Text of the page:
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Collusion Through Market Sharing Agreements: Evidence from Quebec‘s Road Paving Market

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Document pages: 66 pages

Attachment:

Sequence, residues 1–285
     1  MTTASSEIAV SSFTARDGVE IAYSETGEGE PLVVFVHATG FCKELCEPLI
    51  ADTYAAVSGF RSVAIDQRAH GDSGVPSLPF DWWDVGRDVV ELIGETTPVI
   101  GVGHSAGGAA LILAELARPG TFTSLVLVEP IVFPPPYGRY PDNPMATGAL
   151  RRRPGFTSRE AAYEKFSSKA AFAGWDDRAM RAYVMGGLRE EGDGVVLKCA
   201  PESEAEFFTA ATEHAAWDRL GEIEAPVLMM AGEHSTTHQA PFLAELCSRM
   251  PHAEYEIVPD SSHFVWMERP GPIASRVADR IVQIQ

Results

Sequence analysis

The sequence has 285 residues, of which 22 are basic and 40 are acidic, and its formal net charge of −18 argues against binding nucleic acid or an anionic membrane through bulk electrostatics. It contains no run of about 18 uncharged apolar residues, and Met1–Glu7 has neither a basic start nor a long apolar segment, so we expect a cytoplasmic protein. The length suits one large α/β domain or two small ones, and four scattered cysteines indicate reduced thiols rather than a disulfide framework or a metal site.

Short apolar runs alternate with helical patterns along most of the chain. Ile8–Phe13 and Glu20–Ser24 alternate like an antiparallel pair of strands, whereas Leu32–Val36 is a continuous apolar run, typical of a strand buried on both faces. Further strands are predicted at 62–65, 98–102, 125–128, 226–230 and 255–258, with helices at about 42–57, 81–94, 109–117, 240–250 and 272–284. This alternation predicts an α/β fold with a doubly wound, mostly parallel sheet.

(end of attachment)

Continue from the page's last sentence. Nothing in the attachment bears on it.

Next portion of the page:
Abstract: I study a case of market sharing agreements to provide evidence of coordination between colluding firms on the degree to which they compete against each other (henceforth referred to as head-to-head competition) and their bidding behavior. I also quantify the impact that coordinating head-to-head competition has on procurement costs. My focus is on the two largest firms bidding in provincial road paving procurement auctions in Quebec between 2007 and 2015. I use the police investigation into collusion and corruption in the Quebec construction industry launched in October 2009 to capture the end of this cartel. I find that after this date, the two suspected firms i) were more likely to bid in the same auction and ii) submitted significantly lower bids when they competed in the same auction. A structural model of entry and bidding shows that if the firms had kept competing head-to-head at the same rate as in the collusive period but had stopped colluding on bids, bids would have increased by about 3.86 with respect to the competitive scenario observed after the police investigation began. This finding suggests that there were additional procurement costs associated with firms coordinating on the degree of head-to-head competition.

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